If you connect with this at all, I put a few links of things worth watching and reading.
If you connect with this, know you are worthy of love, compassion, forgiveness, and kindness. You are more than the worst thing you have ever done.
I cut and pasted my entry in its entirety below.
Power of Shame
Originally published 10/27/2017
My truth, my self, my heart, my humanity is unworthy of being shared with others. What you tell me you see, feel, think of me is not who I am. I did not say, I “feel” or “think” or “believe” what you tell me you see, feel or think of me is not who I am. I know absolutely I am not the powerful, smart, handsome, strong, brave, courageous and worthy person you think I am.
And this is the power of shame.
There are no doubts or confusion about this absolute knowledge. Lack of worthiness is the one area people living with shame know with certainty while all other truths, perceptions, needs and wants are clouded by doubt. It is my only unshakable, unbreakable faith.
Shame is my jealous, vain and wrathful god and enabler.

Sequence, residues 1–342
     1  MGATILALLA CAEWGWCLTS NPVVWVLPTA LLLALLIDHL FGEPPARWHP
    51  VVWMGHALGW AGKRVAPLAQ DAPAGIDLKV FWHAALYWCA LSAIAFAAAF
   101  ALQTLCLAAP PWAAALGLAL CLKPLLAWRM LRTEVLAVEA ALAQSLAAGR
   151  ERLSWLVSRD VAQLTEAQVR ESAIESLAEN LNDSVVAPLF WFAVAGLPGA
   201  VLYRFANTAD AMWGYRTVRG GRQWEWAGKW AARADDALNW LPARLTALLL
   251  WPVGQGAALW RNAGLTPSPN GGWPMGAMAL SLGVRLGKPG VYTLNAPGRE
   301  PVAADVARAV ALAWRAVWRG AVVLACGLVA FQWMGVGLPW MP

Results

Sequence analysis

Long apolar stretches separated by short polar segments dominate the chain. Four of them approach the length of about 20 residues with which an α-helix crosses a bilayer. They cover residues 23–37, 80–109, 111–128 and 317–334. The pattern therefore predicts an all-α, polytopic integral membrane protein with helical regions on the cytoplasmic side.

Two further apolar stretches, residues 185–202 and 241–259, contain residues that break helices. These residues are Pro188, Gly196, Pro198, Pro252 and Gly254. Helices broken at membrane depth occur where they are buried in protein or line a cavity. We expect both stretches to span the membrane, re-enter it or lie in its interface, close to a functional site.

Shame is fundamental to my identity. It is my religion and I am an apostle. Like all evangelicals, with zeal I’m willing to gaslight reality, you, and my life, to prove I’m unworthy. Out of misplaced ideology I am willing to ignore, demonize and distort all reason, counter-experience, rationality, decency, science, math and history to prove I am unworthy.
It it is a self-fulfilling prophecy. It is my internal theocracy. It is my cult.
Success and acts of kindness are are met with a rising crescendo of taunts, sneers, derision and mockery. Voices of culturally anointed, venerated and hollowed coaches, parents, teachers, Drill Instructors, frenemies and exes yell, shout, ridicule and demean my humanity, my worth. Overlapping stories of failures and failings endlessly looped for reminders of how I am unworthy. These venerated Saints of Shame tirelessly make self-respect and self-worth seem selfish and undeserved.